Effects of Cerebellar Lesions on Monkey Jaw-Force Control: Implications for Understanding Ataxic Dysarthria Eight macaques were trained on one of two isometric force regulation tasks. Six animals were trained to maintain a static force for a 2-sec period, and two animals were trained to make a rapid series of bites on a force transducer four times in succession. Electromyographic (EMG) electrodes were chronically ... Research Article
Research Article  |   June 01, 1978
Effects of Cerebellar Lesions on Monkey Jaw-Force Control: Implications for Understanding Ataxic Dysarthria
 
Author Affiliations & Notes
  • Charles R. Larson
    University of Washington, Seattle
  • Dwight Sutton
    University of Washington, Seattle
Article Information
Research Articles
Research Article   |   June 01, 1978
Effects of Cerebellar Lesions on Monkey Jaw-Force Control: Implications for Understanding Ataxic Dysarthria
Journal of Speech, Language, and Hearing Research, June 1978, Vol. 21, 309-323. doi:10.1044/jshr.2102.309
History: Received May 31, 1977 , Accepted September 9, 1977
 
Journal of Speech, Language, and Hearing Research, June 1978, Vol. 21, 309-323. doi:10.1044/jshr.2102.309
History: Received May 31, 1977; Accepted September 9, 1977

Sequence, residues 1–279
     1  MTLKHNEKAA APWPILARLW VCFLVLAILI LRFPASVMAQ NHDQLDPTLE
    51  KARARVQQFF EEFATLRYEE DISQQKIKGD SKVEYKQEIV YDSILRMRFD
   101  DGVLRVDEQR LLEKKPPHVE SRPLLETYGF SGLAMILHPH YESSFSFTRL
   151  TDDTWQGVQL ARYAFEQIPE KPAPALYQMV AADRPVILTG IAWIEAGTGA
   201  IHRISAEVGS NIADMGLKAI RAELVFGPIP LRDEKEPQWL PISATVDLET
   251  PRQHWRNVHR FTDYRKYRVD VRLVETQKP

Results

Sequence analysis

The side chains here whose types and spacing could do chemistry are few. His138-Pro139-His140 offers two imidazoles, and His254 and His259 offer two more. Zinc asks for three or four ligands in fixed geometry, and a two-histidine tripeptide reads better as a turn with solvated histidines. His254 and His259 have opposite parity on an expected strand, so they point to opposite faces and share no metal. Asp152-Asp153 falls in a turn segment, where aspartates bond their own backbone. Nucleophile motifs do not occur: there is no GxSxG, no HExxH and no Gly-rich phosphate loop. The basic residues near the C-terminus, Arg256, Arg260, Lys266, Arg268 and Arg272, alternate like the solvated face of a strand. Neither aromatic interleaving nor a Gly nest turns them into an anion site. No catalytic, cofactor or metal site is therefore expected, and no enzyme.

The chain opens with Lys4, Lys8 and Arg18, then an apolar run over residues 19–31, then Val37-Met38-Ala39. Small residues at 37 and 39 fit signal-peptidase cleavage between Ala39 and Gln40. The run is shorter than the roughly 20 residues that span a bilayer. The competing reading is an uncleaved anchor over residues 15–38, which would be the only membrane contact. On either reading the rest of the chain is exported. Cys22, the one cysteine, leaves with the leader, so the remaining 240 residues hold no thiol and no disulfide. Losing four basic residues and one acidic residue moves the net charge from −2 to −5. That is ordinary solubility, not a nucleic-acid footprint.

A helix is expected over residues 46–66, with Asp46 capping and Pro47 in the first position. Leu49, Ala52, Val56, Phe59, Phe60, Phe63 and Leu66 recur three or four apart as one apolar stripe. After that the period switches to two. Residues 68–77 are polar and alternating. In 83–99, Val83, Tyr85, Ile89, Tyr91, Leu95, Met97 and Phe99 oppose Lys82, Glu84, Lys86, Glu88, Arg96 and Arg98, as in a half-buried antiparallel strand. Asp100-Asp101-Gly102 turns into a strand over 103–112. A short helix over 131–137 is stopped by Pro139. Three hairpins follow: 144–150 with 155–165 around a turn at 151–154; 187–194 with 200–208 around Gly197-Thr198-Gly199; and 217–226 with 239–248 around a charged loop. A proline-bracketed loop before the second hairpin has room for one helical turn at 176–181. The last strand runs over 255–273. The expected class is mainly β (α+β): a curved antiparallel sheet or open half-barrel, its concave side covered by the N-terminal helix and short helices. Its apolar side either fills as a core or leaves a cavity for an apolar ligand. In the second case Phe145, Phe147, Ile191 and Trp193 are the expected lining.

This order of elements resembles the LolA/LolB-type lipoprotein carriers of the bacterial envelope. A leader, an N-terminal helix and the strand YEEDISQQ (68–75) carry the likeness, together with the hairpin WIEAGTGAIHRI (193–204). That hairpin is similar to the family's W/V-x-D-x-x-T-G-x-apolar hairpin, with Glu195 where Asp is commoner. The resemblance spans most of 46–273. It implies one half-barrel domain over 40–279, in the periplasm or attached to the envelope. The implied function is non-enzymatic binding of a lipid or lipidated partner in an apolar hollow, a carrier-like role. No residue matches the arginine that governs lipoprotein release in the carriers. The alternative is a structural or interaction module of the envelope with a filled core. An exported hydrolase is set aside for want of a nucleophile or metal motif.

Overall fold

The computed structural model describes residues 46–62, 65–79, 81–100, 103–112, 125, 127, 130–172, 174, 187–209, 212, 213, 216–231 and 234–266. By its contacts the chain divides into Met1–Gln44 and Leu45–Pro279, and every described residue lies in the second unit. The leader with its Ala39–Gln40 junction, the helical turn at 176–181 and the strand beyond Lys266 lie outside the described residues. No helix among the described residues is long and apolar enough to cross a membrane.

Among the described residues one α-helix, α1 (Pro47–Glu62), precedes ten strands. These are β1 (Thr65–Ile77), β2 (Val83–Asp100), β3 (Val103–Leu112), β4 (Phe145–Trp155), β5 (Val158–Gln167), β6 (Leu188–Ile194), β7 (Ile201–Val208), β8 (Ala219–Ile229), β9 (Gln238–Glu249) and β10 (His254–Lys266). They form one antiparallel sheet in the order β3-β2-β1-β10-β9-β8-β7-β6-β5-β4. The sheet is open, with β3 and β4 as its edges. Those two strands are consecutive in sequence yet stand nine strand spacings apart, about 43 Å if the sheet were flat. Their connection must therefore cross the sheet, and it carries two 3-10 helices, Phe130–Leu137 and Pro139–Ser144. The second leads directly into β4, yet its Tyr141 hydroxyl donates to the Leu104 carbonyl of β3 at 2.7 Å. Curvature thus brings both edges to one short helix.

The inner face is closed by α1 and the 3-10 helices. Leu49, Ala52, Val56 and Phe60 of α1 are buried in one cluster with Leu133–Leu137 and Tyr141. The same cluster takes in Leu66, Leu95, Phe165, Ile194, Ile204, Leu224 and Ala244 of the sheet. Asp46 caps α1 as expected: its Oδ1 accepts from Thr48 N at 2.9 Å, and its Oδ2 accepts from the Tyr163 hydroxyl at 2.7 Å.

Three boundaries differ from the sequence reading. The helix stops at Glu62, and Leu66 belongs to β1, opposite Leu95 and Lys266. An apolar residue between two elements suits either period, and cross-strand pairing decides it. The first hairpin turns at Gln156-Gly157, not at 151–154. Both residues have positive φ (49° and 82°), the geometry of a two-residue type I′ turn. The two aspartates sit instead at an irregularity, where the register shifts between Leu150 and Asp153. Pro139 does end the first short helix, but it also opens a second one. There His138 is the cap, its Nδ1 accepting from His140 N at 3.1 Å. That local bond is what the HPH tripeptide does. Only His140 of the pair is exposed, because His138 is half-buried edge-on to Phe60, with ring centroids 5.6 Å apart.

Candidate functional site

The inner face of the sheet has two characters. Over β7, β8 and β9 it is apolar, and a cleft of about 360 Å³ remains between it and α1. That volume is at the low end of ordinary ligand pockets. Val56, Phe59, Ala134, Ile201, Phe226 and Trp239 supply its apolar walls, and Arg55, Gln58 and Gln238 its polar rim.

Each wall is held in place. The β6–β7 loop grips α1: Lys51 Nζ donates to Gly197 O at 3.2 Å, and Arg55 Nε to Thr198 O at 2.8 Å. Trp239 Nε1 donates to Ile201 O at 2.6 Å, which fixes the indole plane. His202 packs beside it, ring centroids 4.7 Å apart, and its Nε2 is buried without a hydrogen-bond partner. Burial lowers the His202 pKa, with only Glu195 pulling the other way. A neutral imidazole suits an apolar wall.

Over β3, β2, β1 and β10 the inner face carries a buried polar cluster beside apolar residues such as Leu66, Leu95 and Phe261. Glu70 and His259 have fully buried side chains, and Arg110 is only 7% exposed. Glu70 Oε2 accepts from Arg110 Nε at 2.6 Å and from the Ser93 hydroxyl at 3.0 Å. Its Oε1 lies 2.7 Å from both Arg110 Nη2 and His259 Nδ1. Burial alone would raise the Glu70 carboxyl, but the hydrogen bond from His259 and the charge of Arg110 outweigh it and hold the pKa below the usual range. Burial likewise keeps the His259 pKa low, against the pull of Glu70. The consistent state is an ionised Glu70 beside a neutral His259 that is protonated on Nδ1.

Eight macaques were trained on one of two isometric force regulation tasks. Six animals were trained to maintain a static force for a 2-sec period, and two animals were trained to make a rapid series of bites on a force transducer four times in succession. Electromyographic (EMG) electrodes were chronically implanted into temporalis and masseter muscles. Lesions were made in the cerebellum in seven monkeys and a control surgery with no neural damage was performed on one monkey. Following cerebellar lesions, the abilities of the monkeys to maintain a static isometric force for 2 sec were impaired. Animals overshot the correct force band and force tremors increased in amplitude following the lesions. Cerebellar lesions were followed also by a reduction in biting frequency from about 3 Hz to 2 Hz. Measurements of the temporalis EMG indicated that the reduced biting rate was associated primarily with a prolongation of the inter-EMG interval and secondarily with a prolongation of the EMG duration. Changes in jaw-force regulation following the lesions appear to be similar to the types of changes observed in arm control in monkeys, and in the speech of persons with ataxic dysarthria.

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